His Excellency Jakaya Mrisho Kikwete, the president of Tanzania and current chair of the African Leaders Malaria Alliance (ALMA), has written a piece for the Guardian calling on the world to step up efforts to fight malaria. Kiwete is challenging leaders to capitalise on the inroads made over the last ten years and warns nations not to become complacent. Ten countries in Africa have seen drops in malaria cases and deaths of up to 80 percent.
The 30 African ALMA countries convened with this week and set goals not only to combat the rate of incidence of malaria, but pledged to ‘halt and begin to reverse the incidence of malaria’ – an ambitious but laudable goal. They aim to achieve this in two ways: universal mosquito net coverage by the end of the year and increased prevention, diagnostic and treatment interventions.
Malaria is a major global health issue that perpetuates poverty and hampers development in many of the poorest countries of the world. Malaria causes nearly one million deaths around the world every year and causes an additional 189 to 327 million cases, mostly in the poorest countries. Malaria burdens poor and rural populations because infection rate is highest during the rainy season when most agricultural work is done. However, treating and preventing malaria costs much less than the economic losses that result due to those afflicted with the disease being unable to work.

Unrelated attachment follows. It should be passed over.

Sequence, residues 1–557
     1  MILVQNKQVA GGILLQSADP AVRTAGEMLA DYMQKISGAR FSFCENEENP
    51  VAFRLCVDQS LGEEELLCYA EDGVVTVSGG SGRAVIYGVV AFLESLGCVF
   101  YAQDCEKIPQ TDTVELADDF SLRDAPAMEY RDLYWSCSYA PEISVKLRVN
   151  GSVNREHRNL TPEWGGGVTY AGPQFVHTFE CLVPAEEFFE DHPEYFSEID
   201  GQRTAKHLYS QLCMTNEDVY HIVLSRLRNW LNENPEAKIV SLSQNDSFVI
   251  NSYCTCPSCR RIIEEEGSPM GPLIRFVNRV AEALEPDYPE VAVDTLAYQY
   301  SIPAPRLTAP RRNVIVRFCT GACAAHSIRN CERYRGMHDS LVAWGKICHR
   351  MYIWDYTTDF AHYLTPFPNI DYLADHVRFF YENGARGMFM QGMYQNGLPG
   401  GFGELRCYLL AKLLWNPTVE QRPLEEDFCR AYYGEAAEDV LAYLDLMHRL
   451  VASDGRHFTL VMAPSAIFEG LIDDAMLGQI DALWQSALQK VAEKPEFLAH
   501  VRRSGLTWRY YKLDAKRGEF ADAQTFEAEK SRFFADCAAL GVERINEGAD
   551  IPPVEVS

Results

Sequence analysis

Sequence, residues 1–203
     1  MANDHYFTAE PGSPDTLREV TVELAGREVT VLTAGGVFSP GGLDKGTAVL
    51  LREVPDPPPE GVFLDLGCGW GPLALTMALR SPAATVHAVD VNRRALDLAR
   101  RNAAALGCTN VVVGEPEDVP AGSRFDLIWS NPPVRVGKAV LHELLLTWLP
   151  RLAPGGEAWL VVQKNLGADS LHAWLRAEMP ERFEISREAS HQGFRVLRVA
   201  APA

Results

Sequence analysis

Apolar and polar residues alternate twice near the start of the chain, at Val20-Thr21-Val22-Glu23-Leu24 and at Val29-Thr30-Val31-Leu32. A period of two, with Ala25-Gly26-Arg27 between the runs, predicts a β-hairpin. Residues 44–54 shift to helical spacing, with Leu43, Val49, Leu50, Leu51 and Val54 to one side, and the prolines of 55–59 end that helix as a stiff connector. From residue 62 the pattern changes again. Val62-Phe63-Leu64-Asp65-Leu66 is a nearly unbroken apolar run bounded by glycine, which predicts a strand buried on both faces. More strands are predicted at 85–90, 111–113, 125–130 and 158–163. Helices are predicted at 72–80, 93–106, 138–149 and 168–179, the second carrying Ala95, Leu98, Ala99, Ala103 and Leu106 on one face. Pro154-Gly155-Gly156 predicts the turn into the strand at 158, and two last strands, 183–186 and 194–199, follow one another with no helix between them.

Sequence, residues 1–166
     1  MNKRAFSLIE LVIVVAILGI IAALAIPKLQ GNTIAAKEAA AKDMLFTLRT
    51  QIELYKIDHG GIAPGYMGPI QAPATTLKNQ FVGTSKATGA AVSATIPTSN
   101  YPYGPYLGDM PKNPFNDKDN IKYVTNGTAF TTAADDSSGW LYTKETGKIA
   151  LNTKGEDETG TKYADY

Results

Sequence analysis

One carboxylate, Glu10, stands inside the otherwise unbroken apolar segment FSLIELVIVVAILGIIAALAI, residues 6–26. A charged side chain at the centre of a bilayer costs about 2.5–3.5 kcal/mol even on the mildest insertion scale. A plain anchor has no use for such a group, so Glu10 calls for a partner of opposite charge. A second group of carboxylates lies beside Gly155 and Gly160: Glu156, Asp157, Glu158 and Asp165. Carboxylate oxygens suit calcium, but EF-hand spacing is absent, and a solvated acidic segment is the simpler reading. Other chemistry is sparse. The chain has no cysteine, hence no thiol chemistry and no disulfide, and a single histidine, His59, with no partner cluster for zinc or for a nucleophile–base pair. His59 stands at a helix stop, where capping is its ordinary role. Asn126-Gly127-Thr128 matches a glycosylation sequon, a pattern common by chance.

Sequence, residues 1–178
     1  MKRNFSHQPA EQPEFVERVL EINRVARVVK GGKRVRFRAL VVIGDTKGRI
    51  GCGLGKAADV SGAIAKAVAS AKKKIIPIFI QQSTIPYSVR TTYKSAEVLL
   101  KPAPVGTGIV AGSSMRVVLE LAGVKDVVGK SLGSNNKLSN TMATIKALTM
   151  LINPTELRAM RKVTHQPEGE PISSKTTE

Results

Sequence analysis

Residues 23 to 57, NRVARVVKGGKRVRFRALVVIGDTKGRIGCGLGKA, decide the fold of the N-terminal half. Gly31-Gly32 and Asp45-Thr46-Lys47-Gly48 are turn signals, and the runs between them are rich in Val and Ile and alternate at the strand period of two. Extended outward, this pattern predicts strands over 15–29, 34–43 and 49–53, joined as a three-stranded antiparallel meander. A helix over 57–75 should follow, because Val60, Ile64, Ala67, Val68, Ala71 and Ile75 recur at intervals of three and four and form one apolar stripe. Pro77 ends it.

It is commendable and highly encouraging to see so many African leaders come together on this issue. Their goals are reachable but, as Kiwete also points out in his article, will take a significant amount of resources to achieve. This is where the Global Fund to Fight AIDS, Tuberculosis and Malaria comes in. The Global Fund has distributed 122 million bed nets to protect families from transmission and delivered 142.4 million malaria drug treatments. The Global Fund has the capability and success rate to lead the fight against malaria. But it cannot do it without the appropriate funds. This is why it will be tremendously important for donor countries to strongly commit to replenishing the Global Fund when it has its replenishment conference October.
President Kiwete states:
We are continuing our fight to make Africa a malaria-free continent. As ALMA, Africa’s heads of state envision a future in which no African child dies a preventable death from malaria. Whether that future is near or distant depends on the joint efforts of Africa’s leaders and our national and global partners. We must make a final push for universal coverage against malaria.
We encourage readers to read the full article on the Guardian’s website and join the discussion by adding their own comments.